Sunday, October 23, 2011

Skating on Thin Ice

In Pat Hughes' YA novel, Open Ice, star hockey player Nick Taglio takes a hard hit from behind during one of his high school games and struggles to come to terms with what a grade-three concussion may mean for his future on the ice.

It isn’t Nick's first severe injury. He’s had concussions before. But each one, his doctor explains, takes a little more time and rest to recover from, and this time Dr. Blakeman warns Nick that he may not be able to return to the ice:
“With each successive head injury, the brain takes it a little more personally. It’s as if the brain is saying, ‘Listen, pal, I can’t take much more of this.’ Not only are you slower to recover, but each concussion puts you at greater risk of yet another concussion. You took a big hit Saturday–but a smaller hit might have produced the same results. Remember what happened with the November concussion? It was only rated a grade-two, but you had post-concussive symptoms weeks later. Each time, it takes less and less to compromise the patient’s neurologic function. And that’s why--”
Notice how Hughes uses dialogue here to convey information. But even though it's a mouthful, the doctor's words move the story forward in a dramatic way.

Hughes uses dialogue to advance the story on almost every page of this compelling novel. As you'll see below (in the continuation of the scene), Hughes writes the kind of dialogue that is crisp, crackles with conflict, and keeps increasing the tension:
“I can’t stop playing,” Nick interrupted.
“And I can’t make you stop.”
“But they can.” Nick tilted his head toward the door. “And they will, if you tell them. Can’t we just see how it goes in the next week or two?”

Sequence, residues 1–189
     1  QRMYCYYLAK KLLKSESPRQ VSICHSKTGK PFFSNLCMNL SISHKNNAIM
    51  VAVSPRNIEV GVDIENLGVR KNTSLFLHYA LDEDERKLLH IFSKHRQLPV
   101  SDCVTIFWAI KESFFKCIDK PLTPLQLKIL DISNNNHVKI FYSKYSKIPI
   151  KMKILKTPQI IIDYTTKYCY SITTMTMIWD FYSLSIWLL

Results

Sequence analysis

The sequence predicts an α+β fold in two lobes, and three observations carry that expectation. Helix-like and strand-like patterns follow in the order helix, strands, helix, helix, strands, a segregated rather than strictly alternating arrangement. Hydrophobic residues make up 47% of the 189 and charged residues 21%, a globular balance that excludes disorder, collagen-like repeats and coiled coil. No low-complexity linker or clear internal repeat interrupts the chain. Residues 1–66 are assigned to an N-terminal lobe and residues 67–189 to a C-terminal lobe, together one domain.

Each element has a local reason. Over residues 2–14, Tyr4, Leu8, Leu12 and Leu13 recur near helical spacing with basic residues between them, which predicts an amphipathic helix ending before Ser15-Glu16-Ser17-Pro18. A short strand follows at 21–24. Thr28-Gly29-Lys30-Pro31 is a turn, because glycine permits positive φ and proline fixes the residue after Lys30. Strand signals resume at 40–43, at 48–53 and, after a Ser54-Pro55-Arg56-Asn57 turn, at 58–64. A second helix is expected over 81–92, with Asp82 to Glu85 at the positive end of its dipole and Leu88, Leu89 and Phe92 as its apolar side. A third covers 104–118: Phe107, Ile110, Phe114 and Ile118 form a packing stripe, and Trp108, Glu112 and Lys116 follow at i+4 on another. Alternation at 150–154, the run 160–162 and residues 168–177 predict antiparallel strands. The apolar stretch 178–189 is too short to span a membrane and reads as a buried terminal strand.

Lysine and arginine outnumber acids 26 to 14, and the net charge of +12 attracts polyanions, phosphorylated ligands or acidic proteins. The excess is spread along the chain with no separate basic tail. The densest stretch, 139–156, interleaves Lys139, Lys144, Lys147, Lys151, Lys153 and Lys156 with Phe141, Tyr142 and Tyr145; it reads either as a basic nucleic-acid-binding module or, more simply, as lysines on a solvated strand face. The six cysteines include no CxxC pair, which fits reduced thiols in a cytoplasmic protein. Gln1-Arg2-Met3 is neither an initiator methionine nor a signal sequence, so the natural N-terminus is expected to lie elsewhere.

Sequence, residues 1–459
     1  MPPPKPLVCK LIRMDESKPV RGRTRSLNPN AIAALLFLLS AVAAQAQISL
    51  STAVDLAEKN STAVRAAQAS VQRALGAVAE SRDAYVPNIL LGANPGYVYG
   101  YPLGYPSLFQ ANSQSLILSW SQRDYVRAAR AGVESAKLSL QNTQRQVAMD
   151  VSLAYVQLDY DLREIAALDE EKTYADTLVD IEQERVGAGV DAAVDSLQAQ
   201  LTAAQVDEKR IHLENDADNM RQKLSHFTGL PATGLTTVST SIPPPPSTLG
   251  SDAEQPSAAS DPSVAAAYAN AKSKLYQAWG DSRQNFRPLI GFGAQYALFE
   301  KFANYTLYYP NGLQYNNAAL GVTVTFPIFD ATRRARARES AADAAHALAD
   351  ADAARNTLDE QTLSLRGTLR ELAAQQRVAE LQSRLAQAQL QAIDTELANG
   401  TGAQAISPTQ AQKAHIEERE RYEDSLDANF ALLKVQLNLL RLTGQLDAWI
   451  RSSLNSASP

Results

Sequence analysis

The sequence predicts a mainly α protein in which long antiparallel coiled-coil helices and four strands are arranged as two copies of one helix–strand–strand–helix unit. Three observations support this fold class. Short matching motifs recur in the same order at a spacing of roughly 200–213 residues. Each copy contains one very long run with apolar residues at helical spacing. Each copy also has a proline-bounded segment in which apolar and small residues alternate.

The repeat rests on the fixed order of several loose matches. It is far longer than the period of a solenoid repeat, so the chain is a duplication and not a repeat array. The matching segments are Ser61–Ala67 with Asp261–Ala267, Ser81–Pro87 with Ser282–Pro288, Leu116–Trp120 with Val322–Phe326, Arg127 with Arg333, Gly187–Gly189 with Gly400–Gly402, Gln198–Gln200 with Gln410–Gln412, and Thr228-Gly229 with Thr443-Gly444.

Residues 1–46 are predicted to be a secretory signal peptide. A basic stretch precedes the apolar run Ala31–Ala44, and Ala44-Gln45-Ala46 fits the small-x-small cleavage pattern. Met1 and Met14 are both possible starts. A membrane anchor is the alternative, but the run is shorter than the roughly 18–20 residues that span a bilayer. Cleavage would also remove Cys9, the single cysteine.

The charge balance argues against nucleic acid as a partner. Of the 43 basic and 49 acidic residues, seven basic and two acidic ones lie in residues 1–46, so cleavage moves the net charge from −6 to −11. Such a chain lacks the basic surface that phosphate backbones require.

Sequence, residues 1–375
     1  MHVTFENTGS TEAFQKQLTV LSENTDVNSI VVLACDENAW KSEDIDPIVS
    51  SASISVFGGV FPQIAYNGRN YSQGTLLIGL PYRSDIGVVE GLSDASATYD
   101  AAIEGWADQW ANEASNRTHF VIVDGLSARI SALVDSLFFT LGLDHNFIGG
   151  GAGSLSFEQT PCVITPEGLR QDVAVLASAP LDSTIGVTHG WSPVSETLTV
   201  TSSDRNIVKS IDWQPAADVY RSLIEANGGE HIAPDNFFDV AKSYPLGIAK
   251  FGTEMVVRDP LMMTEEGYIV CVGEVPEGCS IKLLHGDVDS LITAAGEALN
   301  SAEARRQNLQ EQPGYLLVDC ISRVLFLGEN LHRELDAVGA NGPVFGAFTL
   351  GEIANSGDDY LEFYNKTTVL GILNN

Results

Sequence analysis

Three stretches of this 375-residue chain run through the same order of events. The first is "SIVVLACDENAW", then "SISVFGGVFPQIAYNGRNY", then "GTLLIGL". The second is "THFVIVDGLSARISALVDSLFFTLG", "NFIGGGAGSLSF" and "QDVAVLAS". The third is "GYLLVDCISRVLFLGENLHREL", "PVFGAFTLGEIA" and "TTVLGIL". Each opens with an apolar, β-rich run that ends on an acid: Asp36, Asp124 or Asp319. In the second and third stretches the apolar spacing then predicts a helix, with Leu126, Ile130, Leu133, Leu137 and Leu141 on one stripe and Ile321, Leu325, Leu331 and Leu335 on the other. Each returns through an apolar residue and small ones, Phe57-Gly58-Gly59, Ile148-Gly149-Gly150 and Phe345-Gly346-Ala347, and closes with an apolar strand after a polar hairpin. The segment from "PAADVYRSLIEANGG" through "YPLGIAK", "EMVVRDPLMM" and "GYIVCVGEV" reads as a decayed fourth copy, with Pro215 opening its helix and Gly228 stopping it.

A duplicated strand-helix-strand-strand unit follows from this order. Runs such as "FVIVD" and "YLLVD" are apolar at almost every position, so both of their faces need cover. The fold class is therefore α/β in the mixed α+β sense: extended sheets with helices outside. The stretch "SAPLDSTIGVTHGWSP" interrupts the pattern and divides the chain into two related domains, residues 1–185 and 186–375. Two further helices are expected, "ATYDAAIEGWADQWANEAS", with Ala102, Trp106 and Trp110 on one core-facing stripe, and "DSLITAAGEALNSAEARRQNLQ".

“Lindros still plays, and he--” Nick cut himself off, but too late.
Blakeman jumped on it: “Lindros? This is a pretty dicey time for you to be bringing up Lindros.”
Eric Lindros was Nick’s favorite NHL player, famous for fighting, for scoring, for his head-down, bull-rush playing style... and for concussions.
Nick’s struggle to come to terms with his injury plays out in his relationships with his parents, his girlfriend, his brother, his teachers, his teammates, his doctor and his coach. No one is spared his anger or fear or disappointment, and it’s primarily through the use of dialogue, as in the above passage, that Hughes conveys Nick’s story.

It’s a story that spirals downward as the truth of Nick's predicament becomes clear to him and his mind refuses to clear and his anger (and the fog surrounding him) fails to lift and neither his doctor nor his parents permit him to return to the ice.

In the end there is only Nick’s grudging acceptance that he isn’t yet himself, but he takes comfort and hope from his hockey idol, Lindros, still playing after numerous concussions.

Nick may not be able to skate now. Or in two weeks. Or even two months. But by the time he’s eighteen, he hopes, he may have a chance of returning to the ice.

For now, he has to find pleasure in simply being able to put on his skates and swirl around the frozen pond near his home where he used to skate as a kid. It's a place that harbors memories of the game that he loved as a boy and still loves and hopes to play again:
He skated to the far end of the pond, collected the pucks and turned around. There was the whole empty pond, stretched out before him. Just like in the dream. No boards or lines or circles, no penalty boxes, no refs whistling, no fans screaming, no helmet echoes, nobody tap-tap-tapping their sticks looking for the pass. Nothing but...
“Open ice,” he said.
This was what he missed the most. Not the cheers, the chaos, the goals. But the speed, the exhilaration, the freedom.
For more information about Pat Hughes and Open Ice, check out:

For more information on using dialogue to move the story forward, visit:

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